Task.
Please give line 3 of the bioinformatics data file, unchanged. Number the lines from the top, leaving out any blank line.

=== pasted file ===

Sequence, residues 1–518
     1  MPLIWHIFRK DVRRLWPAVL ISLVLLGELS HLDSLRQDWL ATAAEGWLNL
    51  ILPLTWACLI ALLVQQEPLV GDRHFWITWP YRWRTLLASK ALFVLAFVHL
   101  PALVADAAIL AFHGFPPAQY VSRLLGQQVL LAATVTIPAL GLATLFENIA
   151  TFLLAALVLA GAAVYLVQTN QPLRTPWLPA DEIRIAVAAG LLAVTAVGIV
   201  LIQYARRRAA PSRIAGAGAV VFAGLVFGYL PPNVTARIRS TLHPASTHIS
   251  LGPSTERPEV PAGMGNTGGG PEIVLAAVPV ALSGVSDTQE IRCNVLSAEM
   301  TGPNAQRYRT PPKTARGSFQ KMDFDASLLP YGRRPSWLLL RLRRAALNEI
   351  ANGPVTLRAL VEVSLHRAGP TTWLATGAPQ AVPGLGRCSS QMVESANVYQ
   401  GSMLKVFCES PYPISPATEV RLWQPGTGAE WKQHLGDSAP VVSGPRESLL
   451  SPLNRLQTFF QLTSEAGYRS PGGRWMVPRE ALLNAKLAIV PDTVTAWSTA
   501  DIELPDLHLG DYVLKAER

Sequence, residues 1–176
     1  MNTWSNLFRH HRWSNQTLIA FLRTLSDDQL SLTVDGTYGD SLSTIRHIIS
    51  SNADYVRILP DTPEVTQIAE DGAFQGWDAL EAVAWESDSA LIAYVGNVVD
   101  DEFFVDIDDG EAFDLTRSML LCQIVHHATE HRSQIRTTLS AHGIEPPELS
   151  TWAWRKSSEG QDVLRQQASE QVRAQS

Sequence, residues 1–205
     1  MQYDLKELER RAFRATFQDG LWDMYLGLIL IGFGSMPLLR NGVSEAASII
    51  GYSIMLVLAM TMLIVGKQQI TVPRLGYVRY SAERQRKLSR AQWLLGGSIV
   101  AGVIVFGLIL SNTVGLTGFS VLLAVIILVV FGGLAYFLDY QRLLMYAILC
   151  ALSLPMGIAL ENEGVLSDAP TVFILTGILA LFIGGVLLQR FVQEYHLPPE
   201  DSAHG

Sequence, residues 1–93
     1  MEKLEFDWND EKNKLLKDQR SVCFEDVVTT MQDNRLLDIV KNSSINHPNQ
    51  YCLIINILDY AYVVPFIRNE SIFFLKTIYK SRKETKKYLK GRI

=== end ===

    51  ILPLTWACLI ALLVQQEPLV GDRHFWITWP YRWRTLLASK ALFVLAFVHL